Why Wouldn't Bonds and Clemens Pay Sportswriters for Favorable Coverage? by Colin G.

Last week as the Baseball Hall of Fame ballots were being revealed I couldn't help noticing that some writers around the country and, most importantly, on ESPN were taking a decidedly softer stance on allowing PED (Performance Enhancing Drugs, for the non-juiced layman) users into the Hall of Fame than in past years. When referring to known abusers like Bonds and Clemens they would say things like "players who have been linked to steroid use.." and then just lump those two in with players like Jeff Bagwell and Mike Piazza who have never been found in a growth-hormone clinic ledger by the FBI or had a tainted syringe with their DNA on it associated with them. For anybody who has done even remedial research, Clemens and Bonds are guilty of systematic steroid abuse over a long period of time. Period. Case closed. Bagwell and Piazza are guilty of nothing but Popeye forearms and some back acne. Big difference.

What really jumped out at me is when one reporter on ESPN said, "Lots of people have been calling for reforming the process for how people vote for the Baseball Hall of Fame" Really? I'm a big baseball fan and I don't recall "lots" of  people calling for reforming the voting process for the HOF. Certainly not enough to warrant a lead story on Sportscenter with the NFL playoffs in full swing.

Then it hit me: what do powerful people and corporations do when they are found guilty of breaking the rules and therefore have trouble getting what they want? They hire lobbyists to alter the public dialogue and then simply CHANGE THE RULES to their advantage. Powerful people changing the rules is as American as apple pie and a shoddy heath care system. It is the way of the world. Why would the Baseball Hall of Fame be any different than Wall Street or Washington, DC? Or rock n roll for that matter. Remember when Rolling Stone magazine gave Mick Jagger's totally unlistenable solo record "Goddess in the Doorway", FIVE STARS?!? Yeah, nothing fishy there.......

Certainly Roger Clemens and Barry Bonds would have the motivation, the ego and the means to get a couple of known sportswriters in their back pocket to lobby on their behalf.  Successful athletes are made of money and not used to taking "No" for an answer. (See: every successful athlete.) $50,000 would go a long way for a sportswriter and, let's be frank, many people who cover sports are jock sniffers of the highest order in the first place. They would be honored to come on board and help out. I mean, congressmen were asking Clemens for his autograph before his ill-fated testimony on Capitol Hill. (Which dumb jock Roger Dodger requested and got as a favor.)

Unlike greasing a politician's palm, I'm pretty sure this would all be legal, if not exactly ethical. Who cares if  Barry wires some cash to a sportswriter in Miami, chalks it up to a consulting fee, and said writer then makes a big stink about the injustice of it all: "Oh the humanity, this is a joke. Bonds and Clemons and all the PED guys are getting a raw deal. I'll just give my vote away." Sounds like a well thought-out public relations strategy to me.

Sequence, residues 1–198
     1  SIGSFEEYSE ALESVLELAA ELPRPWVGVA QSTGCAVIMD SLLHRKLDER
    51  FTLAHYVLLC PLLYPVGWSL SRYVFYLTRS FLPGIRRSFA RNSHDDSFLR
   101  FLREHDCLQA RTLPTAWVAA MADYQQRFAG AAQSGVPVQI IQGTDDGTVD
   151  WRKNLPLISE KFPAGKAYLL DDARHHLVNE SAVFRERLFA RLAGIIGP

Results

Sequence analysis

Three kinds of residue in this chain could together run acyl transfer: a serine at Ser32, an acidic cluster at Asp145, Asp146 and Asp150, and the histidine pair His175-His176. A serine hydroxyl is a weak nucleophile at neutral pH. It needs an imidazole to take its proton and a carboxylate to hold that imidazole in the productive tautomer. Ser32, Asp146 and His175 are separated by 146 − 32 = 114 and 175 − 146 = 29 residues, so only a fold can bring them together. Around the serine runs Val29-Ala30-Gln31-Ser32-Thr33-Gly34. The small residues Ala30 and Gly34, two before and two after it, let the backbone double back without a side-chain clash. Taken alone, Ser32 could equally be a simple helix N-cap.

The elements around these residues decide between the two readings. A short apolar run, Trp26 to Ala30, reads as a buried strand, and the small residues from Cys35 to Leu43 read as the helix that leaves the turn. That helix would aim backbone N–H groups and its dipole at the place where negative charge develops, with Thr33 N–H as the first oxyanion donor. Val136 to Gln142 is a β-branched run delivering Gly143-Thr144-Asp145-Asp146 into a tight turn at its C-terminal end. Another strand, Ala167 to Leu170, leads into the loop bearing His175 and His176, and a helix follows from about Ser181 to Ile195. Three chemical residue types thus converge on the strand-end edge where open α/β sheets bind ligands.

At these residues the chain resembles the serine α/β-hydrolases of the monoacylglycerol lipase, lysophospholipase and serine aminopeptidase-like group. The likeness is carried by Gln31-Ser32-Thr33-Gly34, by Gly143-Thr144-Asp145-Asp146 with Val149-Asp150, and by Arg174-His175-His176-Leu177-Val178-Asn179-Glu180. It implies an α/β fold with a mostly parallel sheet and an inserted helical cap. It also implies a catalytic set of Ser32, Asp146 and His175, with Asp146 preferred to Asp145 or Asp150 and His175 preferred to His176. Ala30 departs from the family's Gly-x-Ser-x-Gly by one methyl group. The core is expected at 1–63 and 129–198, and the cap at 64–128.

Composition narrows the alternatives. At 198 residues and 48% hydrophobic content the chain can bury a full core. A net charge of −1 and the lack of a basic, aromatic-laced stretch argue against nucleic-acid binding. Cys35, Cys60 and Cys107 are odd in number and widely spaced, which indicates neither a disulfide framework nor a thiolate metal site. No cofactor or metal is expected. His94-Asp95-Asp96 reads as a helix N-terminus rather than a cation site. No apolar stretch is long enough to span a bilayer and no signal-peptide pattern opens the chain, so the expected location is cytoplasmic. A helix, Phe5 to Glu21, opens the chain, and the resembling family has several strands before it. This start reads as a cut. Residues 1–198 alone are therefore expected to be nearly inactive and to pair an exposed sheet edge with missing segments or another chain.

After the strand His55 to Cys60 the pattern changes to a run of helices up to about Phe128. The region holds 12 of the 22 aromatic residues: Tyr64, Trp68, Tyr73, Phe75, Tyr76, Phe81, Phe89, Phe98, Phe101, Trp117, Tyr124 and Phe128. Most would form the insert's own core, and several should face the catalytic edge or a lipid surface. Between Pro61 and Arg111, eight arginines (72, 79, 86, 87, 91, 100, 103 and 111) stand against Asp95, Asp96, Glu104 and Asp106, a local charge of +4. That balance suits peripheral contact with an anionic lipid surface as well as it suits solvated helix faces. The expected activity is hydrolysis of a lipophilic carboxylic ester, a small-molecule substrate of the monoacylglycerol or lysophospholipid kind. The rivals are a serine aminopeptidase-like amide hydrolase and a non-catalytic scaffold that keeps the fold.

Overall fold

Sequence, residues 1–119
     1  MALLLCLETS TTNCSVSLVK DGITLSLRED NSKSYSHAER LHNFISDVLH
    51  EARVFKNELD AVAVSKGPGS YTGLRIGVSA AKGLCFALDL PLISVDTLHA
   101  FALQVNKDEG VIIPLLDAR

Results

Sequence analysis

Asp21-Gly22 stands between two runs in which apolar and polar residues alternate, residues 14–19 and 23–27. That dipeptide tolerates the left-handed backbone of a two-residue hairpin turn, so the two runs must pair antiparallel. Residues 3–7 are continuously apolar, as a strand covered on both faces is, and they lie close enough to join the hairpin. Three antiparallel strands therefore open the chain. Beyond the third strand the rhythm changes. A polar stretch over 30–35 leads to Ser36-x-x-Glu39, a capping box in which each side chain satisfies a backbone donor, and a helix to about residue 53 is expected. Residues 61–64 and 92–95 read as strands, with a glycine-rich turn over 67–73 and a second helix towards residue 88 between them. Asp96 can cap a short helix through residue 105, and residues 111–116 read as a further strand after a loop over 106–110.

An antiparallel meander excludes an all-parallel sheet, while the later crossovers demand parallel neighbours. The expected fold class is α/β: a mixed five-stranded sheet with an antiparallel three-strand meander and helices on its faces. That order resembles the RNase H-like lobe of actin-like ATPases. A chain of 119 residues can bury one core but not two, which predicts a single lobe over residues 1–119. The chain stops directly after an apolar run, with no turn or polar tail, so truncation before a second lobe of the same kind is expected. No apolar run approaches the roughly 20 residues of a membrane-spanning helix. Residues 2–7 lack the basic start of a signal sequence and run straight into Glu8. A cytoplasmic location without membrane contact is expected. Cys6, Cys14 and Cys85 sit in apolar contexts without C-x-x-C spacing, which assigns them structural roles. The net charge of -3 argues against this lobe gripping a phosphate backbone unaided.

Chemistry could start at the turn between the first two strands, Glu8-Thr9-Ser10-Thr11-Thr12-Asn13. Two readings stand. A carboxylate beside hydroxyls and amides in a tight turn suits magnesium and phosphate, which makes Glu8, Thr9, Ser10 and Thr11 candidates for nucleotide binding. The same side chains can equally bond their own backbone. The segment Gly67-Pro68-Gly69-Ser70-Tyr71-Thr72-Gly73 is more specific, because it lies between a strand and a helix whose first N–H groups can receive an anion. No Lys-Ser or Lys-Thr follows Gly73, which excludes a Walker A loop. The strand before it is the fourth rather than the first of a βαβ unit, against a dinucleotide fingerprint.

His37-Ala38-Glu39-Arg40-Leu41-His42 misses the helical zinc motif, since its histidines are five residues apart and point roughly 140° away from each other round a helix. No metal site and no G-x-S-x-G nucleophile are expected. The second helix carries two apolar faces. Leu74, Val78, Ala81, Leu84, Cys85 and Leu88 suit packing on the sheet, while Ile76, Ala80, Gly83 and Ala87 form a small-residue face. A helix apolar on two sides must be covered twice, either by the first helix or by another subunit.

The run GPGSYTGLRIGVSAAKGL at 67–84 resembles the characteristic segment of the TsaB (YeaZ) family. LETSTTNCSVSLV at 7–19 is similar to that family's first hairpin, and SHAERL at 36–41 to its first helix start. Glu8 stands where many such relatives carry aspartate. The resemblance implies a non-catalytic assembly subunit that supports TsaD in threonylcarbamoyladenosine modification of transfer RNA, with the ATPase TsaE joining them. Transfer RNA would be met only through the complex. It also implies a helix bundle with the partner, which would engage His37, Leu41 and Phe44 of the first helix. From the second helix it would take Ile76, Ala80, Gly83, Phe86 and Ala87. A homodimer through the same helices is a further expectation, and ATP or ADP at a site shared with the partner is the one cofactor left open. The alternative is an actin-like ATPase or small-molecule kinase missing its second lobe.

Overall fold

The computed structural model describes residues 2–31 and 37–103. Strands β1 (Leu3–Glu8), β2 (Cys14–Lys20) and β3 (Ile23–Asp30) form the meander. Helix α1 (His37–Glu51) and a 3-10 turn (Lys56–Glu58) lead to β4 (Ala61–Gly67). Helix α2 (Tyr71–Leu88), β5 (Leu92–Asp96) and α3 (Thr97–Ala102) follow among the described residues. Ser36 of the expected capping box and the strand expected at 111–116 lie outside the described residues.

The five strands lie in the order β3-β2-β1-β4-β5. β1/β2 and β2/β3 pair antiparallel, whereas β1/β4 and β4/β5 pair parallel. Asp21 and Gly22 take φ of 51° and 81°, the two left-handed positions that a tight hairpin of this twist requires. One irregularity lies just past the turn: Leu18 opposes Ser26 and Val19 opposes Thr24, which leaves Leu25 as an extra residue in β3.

I guess we could just let everybody in, steroids be damned, but I just can't see assholes like Bonds and Clemens standing at Cooperstown making an acceptance speech still claiming they never used performance enhancing drugs, thus treating all us fans, fellow players and legit Hall of Famers such as Maddox, Glavine and Thomas like a bunch of f-ing jerks (as they say in "Goodfellas").  

And while I'm at it, Buster Olmey complaining that TEN votes aren't enough for him on his ballot is beyond absurd. Prioritize, MOFO. Didn't this nerd ever have to make a mix tape or a playlist? There just isn't room for everybody.  If Buster had it his way, seventeen players would all go into the Baseball Hall of Fame this August because that is how many he wanted to vote for on his ballot. Reminds me of the scene in Princess Bride were Prince Humperdink doubles the guards outside the castle.  Just silly. The induction ceremonies might look something like this..  

OK, Buster, if we are going to change the voting process for the Baseball Hall of Fame I have one minor request: please give Pencilstorm a vote. Here is my ballot, and I don't need ten......

Greg Maddux, Craig Biggo, Frank Thomas, Tom Glavine, Jeff Bagwell, Tim Raines.

Everybody else waits another year, particularly those lying dicks Bonds and Clemens. Though I suppose I could be persuaded to change positions in time for 2015, wink wink, nudge nudge. (This space available…..for a price.)


Colin Gawel owns Colin's Coffee,  writes for Pencilstorm, plays in the band Watershed (which you can read all about in the best selling and acclaimed memoir "Hitless Wonder") and is a life long Reds fan. He steals most of his writing style from Bill James but nobody seems to notice. 


* In fairness to Mick, while "Goodess in the Doorway" is truly "Dogshit in the Doorway" as fellow Stone Keith Richards once famously quipped, Jagger's previous solo effort "Wandering Spirit" - produced by Rick Rubin - is really possibly the best Stones album since "Some Girls." A clip from each record be the judge.

 Five Star Dogshit..


"Don't Tear Me Up" from the excellent Wandering Spirit.